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Jun 23, 2010 11:21 AM by Melissa Canone

Obama, McChrystal finish Oval Office meeting

WASHINGTON (AP) - Afghanistan war commander Gen. Stanley
McChrystal met privately with President Barack Obama at the White
House Wednesday and then departed ahead of a scheduled war strategy
session. There was no immediate word on whether Obama would fire
him for his inflammatory remarks in a magazine interview.
Officials had initially indicated that McChrystal would attend
the strategy session on Afghanistan to explain remarks he made in
the interview with Rolling Stone magazine. But he was seen leaving
the West Wing and climbing into a van after his nearly half-hour
face-to-face meeting with the president. McChrystal had met earlier
in the day with Defense Secretary Robert Gates and Joint Chiefs of
Staff chairman Adm. Mike Mullen.
Before the White House meeting, two military officials said
McChrystal went in prepared to submit his resignation. They spoke
on condition of anonymity because they were not authorized to speak
publicly.
Obama was expected to make an announcement on McChrystal's
future later Wednesday.
"I think it's clear that the article in which he and his team
appeared ... showed poor judgment," Obama said Tuesday at the
close of an unrelated Cabinet meeting. "But I also want to make
sure that I talk to him directly before I make any final
decisions."
Obama summoned McChrystal to Washington from Afghanistan after
learning of his comments about administration officials. A White
House rebuke of McChrystal suggested that it would be hard for him
to save his job.
Afghan President Hamid Karzai expressed his confidence in
McChrystal during a video conference Tuesday night with Obama,
Karzai spokesman Waheed Omar said Wednesday in Kabul.
"We hope there is not a change of leadership of the
international forces here in Afghanistan and that we continue to
partner with Gen. McChrystal," Omar told reporters.
In the Rolling Stone article, McChrystal didn't criticize Obama
himself but called the period last fall when the president was
deciding whether to approve more troops "painful" and said Obama
appeared ready to hand him an "unsellable" position.
McChrystal also said he was "betrayed" by Ambassador Karl
Eikenberry, the man the White House chose to be his diplomatic
partner in Afghanistan. He accused Eikenberry of raising doubts
about Karzai only to give himself cover in case the U.S. effort
failed. "Now, if we fail, they can say 'I told you so,"'
McChrystal told the magazine. And he was quoted mocking Vice
President Joe Biden.
If not insubordination, the remarks - as well as even sharper
commentary about Obama and his White House from several in
McChrystal's inner circle - were at least an indirect and
extraordinary challenge and one that consumed Washington on
Tuesday. The capital hasn't seen a similar public contretemps
between a president and a top wartime commander since Harry Truman
stripped Gen. Douglas MacArthur of his command more than a
half-century ago after disagreements over Korean War strategy.
Notably, neither McChrystal nor his team questioned the accuracy
of the story or the quotes in it. McChrystal issued an apology.
Military leaders rarely challenge their commanders in chief
publicly. When they do, consequences tend to be more severe than a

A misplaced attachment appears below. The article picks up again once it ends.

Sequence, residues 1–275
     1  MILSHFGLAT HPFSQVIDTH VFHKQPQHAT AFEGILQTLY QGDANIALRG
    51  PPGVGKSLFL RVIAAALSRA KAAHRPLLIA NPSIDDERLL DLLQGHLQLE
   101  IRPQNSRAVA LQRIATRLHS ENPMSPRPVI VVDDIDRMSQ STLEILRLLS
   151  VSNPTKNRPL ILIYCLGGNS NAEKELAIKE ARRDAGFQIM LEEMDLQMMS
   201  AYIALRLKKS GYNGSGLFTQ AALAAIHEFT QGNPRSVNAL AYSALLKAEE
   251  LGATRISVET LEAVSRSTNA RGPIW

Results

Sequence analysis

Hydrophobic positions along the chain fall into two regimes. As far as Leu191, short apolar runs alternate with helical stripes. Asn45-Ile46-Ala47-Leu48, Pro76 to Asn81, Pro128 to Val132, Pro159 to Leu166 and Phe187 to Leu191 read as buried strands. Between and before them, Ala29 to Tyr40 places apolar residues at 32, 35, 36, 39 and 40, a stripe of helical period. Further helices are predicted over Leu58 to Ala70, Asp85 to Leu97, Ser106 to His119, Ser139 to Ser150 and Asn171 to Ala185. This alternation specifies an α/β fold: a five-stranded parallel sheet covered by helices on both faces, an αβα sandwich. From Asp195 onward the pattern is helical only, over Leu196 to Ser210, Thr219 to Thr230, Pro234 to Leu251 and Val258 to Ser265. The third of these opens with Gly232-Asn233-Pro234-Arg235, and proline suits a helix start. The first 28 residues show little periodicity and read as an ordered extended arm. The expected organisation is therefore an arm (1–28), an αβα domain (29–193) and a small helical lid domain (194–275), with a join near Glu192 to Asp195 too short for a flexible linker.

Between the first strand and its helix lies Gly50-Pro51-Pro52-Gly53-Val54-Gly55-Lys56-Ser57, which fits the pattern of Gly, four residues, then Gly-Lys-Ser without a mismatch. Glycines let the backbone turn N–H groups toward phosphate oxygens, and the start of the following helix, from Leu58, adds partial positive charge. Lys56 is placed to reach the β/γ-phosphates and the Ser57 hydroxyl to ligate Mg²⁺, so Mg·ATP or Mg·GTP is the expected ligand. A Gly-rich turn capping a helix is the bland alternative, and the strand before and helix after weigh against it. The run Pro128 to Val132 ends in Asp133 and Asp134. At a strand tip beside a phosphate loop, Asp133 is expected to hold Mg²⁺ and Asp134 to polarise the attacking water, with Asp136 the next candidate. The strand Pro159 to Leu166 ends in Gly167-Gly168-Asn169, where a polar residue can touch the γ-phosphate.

scolding.
Indeed, the presidential spokesman's prepared reaction to the
article was remarkably revealing, even for the normally coded
language of Washington. Press secretary Robert Gibbs repeatedly
declined to say McChrystal's job was safe, and questioned whether
McChrystal is "capable and mature enough" to lead the war.
"Our efforts in Afghanistan are bigger than one person," Gibbs
told reporters, a formulation typically used when one person is
about to leave.
Gates said in a statement that McChrystal had made "a
significant mistake."
A senior U.S. military official in Afghanistan told The
Associated Press that McChrystal - who had not spoken with Obama on
the matter before Wednesday - has been given no indication that
he'll be fired but no assurance he won't be. The official spoke on
condition of anonymity to describe internal discussions between
Washington and the general's office in Kabul.
Obama raised the issue of McChrystal's future in a phone call
with British Prime Minister David Cameron on Tuesday night,
Cameron's office said Wednesday without disclosing what was said.
Britain has about 10,000 troops in Afghanistan, the largest
international force after the United States.
McChrystal was viewed as a visionary with the guts and smarts to
turn around the beleaguered, 8-year-old Afghanistan war when he was
chosen to take over last year.
But despite his military achievements, he has a history of
making waves. This is not his first brush with Obama's anger. Last
fall, the president scolded McChrystal for speaking too bluntly
about his desire for more troops.
Wisconsin Democratic Rep. David Obey, chairman of the House
Appropriations Committee, called for McChrystal to resign. Sen.
John McCain, the top Republican on the Senate Armed Services
Committee, was among three prominent Republican senators to
criticize the general and say a decision about his future should
rest with Obama.
Several names circulated among Pentagon and Capitol Hill aides
as potential successors, including Gen. James Mattis, Joint Forces
Command chief; Lt. Gen. John Allen, the No. 2 at U.S. Central
Command; Lt. Gen. David Rodriguez, McChrystal's No. 2 in
Afghanistan; Gen. Martin Dempsey, commander of the Army Training
and Doctrine Command; and Adm. James Stavridis, the top NATO
commander in Europe.
Military officials, speaking on condition of anonymity ahead of
the White House meeting, said the administration had not reached
out to possible successors but might do so Wednesday.

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